A Typographic Tribute Honors the Residents and Neighbors of a Now-Demolished House in Sainte-Marie

All photographs © Paprika, shared with permission

For 5 days in November 2020, a home in Sainte-Marie, Québec, recognized all of its residents and neighbors on Saint Louis Avenue. Antoine Audet, Maude Faucher, James Audet… the listing included a whole bunch of names inked on strips of white paper and pasted to the clapboards.

The ephemeral design was the challenge of Louis Gagnon, inventive director of the Montréal-based studio Paprika who lived in the home as a baby and needed to honor its tenants and buddies earlier than it was demolished. Again in 2019, major flooding swamped the town, and the federal government required that probably the most broken residences be razed. 283 Saint Louis was certainly one of practically 60 to be torn down that summer time.

On the time, 93-year-old Béatrice Vachon had been residing in the home for practically seven a long time. “She hoped to spend her twilight years on the identical handle,” the studio mentioned. “Sainte-Marie is the form of tight-knit group the place everybody is aware of everybody, from one era to the subsequent. Right here, neighbors noticed kids being born and rising up; and neighbors serving to one another was merely a typical observe. Only a few folks have ever walked away.”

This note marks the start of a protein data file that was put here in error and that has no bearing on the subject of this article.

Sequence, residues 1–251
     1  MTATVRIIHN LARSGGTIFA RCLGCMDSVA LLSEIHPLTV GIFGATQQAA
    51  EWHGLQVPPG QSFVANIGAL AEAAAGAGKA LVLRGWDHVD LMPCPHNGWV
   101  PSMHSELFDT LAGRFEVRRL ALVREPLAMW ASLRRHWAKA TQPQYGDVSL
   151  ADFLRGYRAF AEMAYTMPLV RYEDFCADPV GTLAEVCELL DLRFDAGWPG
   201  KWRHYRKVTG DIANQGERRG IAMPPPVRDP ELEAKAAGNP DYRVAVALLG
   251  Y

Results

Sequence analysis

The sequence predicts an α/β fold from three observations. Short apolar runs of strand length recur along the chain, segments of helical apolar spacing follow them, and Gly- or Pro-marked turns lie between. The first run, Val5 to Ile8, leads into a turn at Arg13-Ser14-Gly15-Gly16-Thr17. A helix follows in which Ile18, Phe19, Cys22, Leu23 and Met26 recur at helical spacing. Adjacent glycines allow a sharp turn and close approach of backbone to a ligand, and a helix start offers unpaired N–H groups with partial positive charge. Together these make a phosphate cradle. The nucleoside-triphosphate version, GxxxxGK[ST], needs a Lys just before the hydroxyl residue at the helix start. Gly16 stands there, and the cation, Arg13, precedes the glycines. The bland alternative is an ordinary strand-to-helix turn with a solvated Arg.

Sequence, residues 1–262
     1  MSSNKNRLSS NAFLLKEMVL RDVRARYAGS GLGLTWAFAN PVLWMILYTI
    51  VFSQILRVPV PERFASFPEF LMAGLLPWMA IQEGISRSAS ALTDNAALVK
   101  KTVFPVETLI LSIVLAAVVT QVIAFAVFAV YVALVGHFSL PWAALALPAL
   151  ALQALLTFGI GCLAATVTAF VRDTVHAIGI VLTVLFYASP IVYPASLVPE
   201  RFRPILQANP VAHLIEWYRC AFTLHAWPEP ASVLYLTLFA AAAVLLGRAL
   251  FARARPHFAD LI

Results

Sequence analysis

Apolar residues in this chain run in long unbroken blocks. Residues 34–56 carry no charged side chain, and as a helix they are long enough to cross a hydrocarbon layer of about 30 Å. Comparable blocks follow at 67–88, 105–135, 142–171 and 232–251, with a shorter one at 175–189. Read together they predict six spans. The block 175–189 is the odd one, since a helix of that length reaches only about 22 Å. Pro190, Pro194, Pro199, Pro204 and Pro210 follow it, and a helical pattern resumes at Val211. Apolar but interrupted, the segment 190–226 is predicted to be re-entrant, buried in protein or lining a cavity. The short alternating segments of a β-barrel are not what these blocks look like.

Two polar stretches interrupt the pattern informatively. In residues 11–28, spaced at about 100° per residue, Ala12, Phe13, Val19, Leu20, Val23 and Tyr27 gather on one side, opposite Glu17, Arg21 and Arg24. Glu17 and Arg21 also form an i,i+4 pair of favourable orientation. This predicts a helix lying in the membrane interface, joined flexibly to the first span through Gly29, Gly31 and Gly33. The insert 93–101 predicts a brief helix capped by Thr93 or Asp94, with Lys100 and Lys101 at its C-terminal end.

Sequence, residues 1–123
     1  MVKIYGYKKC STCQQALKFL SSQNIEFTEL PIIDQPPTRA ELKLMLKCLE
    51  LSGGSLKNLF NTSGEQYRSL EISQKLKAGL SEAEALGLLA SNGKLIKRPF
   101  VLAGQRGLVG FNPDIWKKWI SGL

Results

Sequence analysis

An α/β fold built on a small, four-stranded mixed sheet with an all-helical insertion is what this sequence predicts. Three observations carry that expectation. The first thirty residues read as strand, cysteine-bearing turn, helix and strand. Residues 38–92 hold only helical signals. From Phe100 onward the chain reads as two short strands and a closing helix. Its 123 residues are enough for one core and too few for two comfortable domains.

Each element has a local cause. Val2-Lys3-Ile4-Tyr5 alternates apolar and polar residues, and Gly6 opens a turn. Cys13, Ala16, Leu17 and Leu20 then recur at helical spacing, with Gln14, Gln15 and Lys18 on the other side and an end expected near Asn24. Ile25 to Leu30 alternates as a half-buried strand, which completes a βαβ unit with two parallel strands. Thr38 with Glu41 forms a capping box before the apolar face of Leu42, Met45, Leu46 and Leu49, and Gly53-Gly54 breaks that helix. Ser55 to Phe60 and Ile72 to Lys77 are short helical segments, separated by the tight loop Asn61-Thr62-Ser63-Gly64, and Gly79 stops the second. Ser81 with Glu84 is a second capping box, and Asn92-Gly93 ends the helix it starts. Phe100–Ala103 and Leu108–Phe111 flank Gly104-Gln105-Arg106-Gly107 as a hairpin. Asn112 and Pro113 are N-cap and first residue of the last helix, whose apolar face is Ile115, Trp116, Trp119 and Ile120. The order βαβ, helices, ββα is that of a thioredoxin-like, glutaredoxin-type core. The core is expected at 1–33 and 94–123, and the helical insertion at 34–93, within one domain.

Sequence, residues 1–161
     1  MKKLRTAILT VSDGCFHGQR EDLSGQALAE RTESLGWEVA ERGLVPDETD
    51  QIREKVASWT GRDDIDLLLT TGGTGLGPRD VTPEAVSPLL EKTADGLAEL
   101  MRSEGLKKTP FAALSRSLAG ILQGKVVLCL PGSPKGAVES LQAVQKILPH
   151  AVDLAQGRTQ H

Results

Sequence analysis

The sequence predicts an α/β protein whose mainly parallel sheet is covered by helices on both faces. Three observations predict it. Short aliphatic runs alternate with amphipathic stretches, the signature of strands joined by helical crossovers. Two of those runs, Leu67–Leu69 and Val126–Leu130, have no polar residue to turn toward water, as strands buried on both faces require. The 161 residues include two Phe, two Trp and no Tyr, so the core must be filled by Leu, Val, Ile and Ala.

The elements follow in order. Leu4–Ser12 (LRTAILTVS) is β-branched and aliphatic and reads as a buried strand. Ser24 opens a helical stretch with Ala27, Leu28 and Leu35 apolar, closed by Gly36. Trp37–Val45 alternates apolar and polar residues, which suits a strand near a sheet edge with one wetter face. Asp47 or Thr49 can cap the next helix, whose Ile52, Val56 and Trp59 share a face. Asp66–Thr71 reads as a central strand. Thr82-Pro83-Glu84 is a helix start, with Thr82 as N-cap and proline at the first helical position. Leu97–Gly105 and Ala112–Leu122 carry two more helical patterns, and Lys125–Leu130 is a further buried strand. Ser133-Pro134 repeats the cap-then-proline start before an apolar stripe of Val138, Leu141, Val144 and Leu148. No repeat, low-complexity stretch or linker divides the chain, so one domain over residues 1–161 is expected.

As the town ready for such life-altering change, Gagnon reached out to his sisters to assist keep in mind former residents, frequent guests, and others with ties to the neighborhood. Earlier than printing the names, he tweaked an present font to mirror the ornamental architectural particulars, and most of the letters function curved prospers with higher factors evocative of these on the entrance porch columns.

One picture of 283 Saint-Louis simply earlier than it was leveled reveals Vachon standing outdoors her house plastered with the typographic tribute. “As darkness arrives, the home stands earlier than its imminent destruction, bearing witness to a lifetime of tales and recollections,” Gagnon mentioned. “A final hommage. An act of resilience.”

For extra photographs and video from the demolition web site, go to Paprika’s Behance.



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